Also, how can you have an individual budget and at the same time say that schools have to spend the first £6k.
Can the parent request the £6k from the school to hire their own TA?
Schools should be made to demonstrate effectiveness of the £6k they have spent per child.
That I'd like to see.
Starlight The individual budget hasn't been rolled out yet to my knowledge.
At the moment there are a great differences between individual LAs with regard to statement funding. I think some of this should be evened out in law, since it affects how children who have statements are viewed.
A statement seems to be universally understood as being indicative of a high level of need, yet not all authorities even attempt to require schools to quantify their provision subsequent to awarding the statement.
Instead they seem happy to work using vague matrices, in terms of severity of need, whilst the only aspect of need that is quantifiable is the money that has been spent or that needs to be spent. They have probably taken the view that the administration of monitoring provision would cost more. This is why they then buy in block provision in order to ensure some money actually is spent on Special Needs.
This is why I am pleased that schools need to demonstrate what has been spent. It prevents the manipulating of LA policies by schools purely for extra revenue. However I fully appreciate there are still many problems, the new legislation does not go far enough to ensure fairness at all.
The pathfinders were supposed to be trialling individual budgets (over the past 2 years). So far a few of us have done freedom of information requests and found ONE LA who is trialling direct payments for Speech and Language therapy for ONE child whose parent got agreement to go ahead with a Judicial Review to make them.....
This paper outlines the issues for children and the families.
All the changes mean are money being more tightly controlled. There is no evidence that it will lead to improved outcomes for children (though arguably if you can continue to fail children in the same way for less money you should probably do so).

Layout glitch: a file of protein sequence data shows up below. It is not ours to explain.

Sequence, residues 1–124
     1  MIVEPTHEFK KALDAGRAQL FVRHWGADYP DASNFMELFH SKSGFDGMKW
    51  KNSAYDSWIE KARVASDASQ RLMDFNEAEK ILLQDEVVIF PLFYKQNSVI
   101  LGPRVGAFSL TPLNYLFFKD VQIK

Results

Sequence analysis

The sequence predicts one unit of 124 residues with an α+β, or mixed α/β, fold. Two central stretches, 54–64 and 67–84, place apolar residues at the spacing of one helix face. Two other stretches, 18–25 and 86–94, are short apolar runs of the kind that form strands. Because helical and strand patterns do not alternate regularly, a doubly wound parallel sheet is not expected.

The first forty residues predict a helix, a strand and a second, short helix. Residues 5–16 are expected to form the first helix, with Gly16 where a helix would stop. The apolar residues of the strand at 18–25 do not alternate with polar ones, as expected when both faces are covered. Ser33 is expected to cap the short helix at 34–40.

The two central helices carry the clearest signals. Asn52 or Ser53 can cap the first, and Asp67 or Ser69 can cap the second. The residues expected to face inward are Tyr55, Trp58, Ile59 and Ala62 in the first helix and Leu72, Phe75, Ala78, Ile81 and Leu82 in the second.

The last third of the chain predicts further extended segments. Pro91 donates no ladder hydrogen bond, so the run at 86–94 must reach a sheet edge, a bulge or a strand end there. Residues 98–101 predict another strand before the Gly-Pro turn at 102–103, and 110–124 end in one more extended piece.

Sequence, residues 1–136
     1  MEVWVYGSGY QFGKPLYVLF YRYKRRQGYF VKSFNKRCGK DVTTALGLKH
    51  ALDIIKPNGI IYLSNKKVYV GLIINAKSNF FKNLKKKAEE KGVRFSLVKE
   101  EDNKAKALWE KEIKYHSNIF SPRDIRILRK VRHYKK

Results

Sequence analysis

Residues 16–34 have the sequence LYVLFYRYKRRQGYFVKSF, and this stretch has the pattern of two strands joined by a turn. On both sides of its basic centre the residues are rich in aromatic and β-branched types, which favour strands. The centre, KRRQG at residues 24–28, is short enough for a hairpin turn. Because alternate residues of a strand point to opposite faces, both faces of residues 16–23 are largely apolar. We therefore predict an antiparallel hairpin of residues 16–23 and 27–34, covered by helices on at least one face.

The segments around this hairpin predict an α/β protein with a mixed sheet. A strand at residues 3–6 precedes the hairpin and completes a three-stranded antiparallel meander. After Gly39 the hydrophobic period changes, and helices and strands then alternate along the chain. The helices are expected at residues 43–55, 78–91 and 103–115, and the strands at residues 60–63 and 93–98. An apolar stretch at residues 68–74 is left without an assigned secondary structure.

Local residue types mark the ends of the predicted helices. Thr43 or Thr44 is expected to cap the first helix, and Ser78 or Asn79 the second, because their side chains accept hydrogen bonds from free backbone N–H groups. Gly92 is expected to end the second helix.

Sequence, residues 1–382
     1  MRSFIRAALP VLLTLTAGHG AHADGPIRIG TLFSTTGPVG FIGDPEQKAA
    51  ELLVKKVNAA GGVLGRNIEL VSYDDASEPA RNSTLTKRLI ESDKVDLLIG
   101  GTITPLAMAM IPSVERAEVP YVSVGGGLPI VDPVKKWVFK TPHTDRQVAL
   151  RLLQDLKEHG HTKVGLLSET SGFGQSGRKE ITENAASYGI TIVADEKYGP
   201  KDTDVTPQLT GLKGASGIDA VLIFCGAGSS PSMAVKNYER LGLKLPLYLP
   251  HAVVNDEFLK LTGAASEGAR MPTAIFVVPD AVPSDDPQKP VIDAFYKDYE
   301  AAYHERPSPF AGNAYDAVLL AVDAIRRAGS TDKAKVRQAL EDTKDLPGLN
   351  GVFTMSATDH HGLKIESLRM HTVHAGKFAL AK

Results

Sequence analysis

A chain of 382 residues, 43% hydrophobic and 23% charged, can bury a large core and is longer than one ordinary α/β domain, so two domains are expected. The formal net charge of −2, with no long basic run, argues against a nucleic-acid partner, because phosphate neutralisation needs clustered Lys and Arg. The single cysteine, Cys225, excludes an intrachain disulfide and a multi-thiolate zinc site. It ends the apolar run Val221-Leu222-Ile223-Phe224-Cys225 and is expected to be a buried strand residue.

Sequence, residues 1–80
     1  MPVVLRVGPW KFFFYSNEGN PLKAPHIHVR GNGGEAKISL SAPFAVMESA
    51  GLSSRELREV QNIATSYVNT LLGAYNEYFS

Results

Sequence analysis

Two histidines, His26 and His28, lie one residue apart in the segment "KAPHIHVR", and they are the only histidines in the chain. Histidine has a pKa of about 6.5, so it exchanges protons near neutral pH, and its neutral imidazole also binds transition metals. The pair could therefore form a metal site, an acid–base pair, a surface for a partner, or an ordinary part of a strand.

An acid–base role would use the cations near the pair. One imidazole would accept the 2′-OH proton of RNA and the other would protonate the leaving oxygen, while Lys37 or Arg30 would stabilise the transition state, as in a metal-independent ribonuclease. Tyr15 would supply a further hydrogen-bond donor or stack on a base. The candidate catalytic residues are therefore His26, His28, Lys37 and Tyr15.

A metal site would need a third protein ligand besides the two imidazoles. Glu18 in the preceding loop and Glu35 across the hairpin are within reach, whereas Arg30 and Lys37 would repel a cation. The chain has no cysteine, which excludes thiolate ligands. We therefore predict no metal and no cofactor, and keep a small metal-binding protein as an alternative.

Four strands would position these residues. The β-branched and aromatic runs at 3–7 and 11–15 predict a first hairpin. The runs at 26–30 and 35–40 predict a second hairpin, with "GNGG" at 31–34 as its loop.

X post Starlight
I believe schools should demonstrate what has been spent, on what and the effectiveness.
The what has been spent is important because I believe it is the only quantifiable aspect, regarding level of need.
I believe the schools are being asked to manage the upfront 6K because there is a history, as with my LA, of schools playing the system in order to receive extra funds which distorts level of need.
Doing it this way may enforce a cultural change concerning what a school can deal with at a base level. When you read about all this 'working to rule' from teaching unions it doesn't take much of a stretch of the imagination to see how the 'rules' would require more children, with even slightly delayed self care skills, be deemed special needs. Previously teachers (in my Aunt's generation) saw helping children with coats, wiping noses, the odd toilet accident etc as an important part of their job, as an Early Years Practitioner.
^ All this 'playing the system' diverts funds away from those who do need them.
'Doing it this way may enforce a cultural change concerning what a school can deal with at a base level.'
Perhaps. Or you'll find schools ignoring needs, fighting parents who suggest an EP might be worth a visit, a statement worth applying for, who feel that their child needs some form of therapy, individualised help to access their learning.
Starlight Yes it may mean what you have said. In reality there will probably be a combination of both. This is why I believe there needs to be still more transparency.
However reading the Schools Forum and our local Cabinet minutes even these recent changes will take some implementing. You have to hope there is some improvement though, otherwise there would be no progress at all, if the Status Quo was preserved above all else.